Golin gender pay gap profile: Laura Weston, Marketing Director, Golin, discusses how “employers should see this as an opportunity to put right a historical wrong”.
How did you reach the decision to voluntarily disclose your gender pay gap figures?
Reporting is not a legal requirement for Golin (with less than the required 250 employees), but the agency decided to voluntarily report its gender pay gap data as part of its commitment to championing women and diversity in the industry. We are passionate and vocal about creating a progressive agency, so this was a great way to support our message. Naturally, it is also the right thing to do.
What was the most significant barrier to disclosure and how did you overcome this?
Our decision to announce our gender pay gap was driven from the top, so we didn’t face the barriers that others may face. We also had a good news story for the agency, as our pay gap in favour of women was a great story to tell.
What has been the main benefit to the organisation?
We want our people to know that they will be compensated according to their skills and expertise, not their gender, life decisions, background, or ethnicity. The main benefit of gender pay gap reporting is that we can now demonstrably show that we have gender parity. This has already been great for business - it’s a source of pride for the team, it helps us attract top-hires from a wider pool of talent, and more and more clients want to know they are working with ethical and diverse teams.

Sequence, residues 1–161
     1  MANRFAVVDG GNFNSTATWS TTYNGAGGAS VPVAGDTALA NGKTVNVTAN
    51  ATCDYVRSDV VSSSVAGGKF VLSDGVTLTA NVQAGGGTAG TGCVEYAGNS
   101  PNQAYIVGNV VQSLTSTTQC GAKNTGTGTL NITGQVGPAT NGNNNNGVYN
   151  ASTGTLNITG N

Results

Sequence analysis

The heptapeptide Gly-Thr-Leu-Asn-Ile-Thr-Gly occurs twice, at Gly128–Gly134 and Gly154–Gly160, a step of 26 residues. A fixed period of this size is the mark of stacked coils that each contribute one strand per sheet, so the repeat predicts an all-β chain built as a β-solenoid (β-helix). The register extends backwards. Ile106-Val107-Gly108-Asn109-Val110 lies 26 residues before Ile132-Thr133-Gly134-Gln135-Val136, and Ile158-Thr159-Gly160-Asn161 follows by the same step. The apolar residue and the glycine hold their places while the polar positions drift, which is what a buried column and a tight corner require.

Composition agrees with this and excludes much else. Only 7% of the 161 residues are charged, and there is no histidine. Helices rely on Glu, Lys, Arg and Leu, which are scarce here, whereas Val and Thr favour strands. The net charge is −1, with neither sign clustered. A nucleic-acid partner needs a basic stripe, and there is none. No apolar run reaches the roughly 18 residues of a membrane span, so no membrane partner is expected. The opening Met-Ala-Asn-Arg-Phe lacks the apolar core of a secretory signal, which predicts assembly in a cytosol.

How did your employees react to the fact you were disclosing your gender pay gap figures (and doing so voluntarily)?
We had a huge amount of positive sentiment when we announced our gender pay gap, as we had a reverse gender pay gap in favour of women. Ours was an incredibly positive story to celebrate, so understandably employees’ reactions were very good. However, we still needed to deliver an education piece to ensure people knew the differences between gender pay and unequal pay. We needed to clarify why our gender pay gap was in favour of women, that the data reflected a female majority in the most senior roles in the agency not unequal pay between men and women.
What would you say to other organisations unsure, or concerned, about disclosing their figures?
Gender pay gap reporting is a great opportunity to drive positive change and demonstrate transparency. Employers should see this as an opportunity to put right a historical wrong and present themselves as a progressive employer. Remember, most organisations will face a problematic pay gap, but it’s how you demonstrate meaningful progress that matters. Those not making an effort to address this will find themselves in an increasingly vulnerable position. Handled well and with the right measures in place to address even the most significant pay gap, employers can build stronger relationships across their organisations, shape their reputation for the better, and make themselves more attractive to the best talent.